[The talk will be based on collaborative work with Mary Southern andChase Johnson.]

17:00-18:00 Session 39A

Frank Pfenning special session: contributed talks

Location: Taub 3
A (Logical) Framework for Collaboration

ABSTRACT. A common interest in logical frameworks formed the basis for many years of fruitful and enjoyable collaboration with Frank and his students, both directly and indirectly.  Frank’s development of the Twelf system was instrumental in enabling the use of LF for specifying a wide range of formalisms, ranging from “pure logics” to “practical programming languages.”  Most importantly, the Twelf totality checker for proving All-Exists statements allowed for a human-readable and easily developed proof of type safety for the Standard ML language that not only verified what we already knew, but also fostered the development of a new language definition methodology well-suited to the demands of working at scale.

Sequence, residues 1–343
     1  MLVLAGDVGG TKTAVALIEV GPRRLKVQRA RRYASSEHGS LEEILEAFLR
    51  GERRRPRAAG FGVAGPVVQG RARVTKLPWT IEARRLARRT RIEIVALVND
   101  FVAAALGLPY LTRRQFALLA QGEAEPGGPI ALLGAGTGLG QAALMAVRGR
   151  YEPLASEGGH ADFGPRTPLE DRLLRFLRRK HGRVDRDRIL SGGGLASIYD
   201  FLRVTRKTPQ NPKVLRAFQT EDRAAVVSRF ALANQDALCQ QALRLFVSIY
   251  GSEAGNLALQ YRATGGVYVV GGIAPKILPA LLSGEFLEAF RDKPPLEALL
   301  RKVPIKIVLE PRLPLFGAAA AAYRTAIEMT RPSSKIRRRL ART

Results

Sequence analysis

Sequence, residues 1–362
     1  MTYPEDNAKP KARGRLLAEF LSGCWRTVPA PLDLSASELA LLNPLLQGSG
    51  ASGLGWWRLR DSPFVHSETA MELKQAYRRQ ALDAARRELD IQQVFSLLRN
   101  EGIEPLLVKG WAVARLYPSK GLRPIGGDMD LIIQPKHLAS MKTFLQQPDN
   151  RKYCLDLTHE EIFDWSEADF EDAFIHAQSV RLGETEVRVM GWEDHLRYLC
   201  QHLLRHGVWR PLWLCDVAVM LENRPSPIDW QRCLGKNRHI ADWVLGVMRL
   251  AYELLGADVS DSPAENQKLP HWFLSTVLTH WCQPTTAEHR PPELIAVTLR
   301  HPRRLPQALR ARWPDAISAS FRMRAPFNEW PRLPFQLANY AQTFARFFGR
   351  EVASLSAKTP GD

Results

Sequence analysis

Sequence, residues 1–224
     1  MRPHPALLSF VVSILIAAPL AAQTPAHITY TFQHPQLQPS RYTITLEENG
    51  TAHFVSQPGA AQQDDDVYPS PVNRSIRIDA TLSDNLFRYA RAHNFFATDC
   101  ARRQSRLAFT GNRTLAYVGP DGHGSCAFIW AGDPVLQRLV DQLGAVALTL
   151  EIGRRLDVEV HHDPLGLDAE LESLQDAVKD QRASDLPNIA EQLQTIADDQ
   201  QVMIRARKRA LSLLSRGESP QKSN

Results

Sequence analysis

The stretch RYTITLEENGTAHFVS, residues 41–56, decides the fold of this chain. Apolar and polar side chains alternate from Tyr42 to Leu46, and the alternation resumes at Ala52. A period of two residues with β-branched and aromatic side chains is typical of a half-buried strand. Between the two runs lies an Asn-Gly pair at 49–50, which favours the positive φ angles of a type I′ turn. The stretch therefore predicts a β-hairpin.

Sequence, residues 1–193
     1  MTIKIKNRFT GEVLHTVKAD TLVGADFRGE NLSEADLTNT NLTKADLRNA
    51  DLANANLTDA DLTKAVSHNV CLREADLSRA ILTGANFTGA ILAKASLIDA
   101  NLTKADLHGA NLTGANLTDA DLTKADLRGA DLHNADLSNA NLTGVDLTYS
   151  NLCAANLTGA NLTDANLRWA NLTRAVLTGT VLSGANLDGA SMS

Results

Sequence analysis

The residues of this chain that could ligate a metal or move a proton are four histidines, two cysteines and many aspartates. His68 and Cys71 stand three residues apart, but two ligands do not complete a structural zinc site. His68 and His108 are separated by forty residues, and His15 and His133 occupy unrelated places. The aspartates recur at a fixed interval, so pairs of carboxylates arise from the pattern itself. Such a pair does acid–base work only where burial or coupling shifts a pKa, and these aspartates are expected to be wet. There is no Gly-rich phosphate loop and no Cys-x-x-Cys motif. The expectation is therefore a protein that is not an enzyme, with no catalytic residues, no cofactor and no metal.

Type refinement as a unifying principle

ABSTRACT. I will discuss some personal perspectives on the "Type Refinement" project initiated by Frank several decades ago, and how it has influenced my research over the years since my PhD.


Language Minimalism and Logical Frameworks
PRESENTER: Chris Martens

ABSTRACT. In the design of tools, languages, and frameworks, Frank has been a consistent advocate for a particular flavor of aesthetic minimalism. A valuable trait of minimalist frameworks and tiny programming languages is that they facilitate implementation and reimplementation in multiple contexts with various interfaces. This principle has guided our (Chris and Rob’s) work at and beyond Carnegie Mellon, including for some recent projects we've pursued together. We'll talk about some of our Frank-adjacent projects we've reimplemented on the web, how language minimalism contributed to their success, lessons learned, and a path forward for extending the reach and application of logical frameworks.


Logics for Robotics
18:30-20:00Workshop Dinner (at the Technion, Taub Terrace Floor 2) - Paid event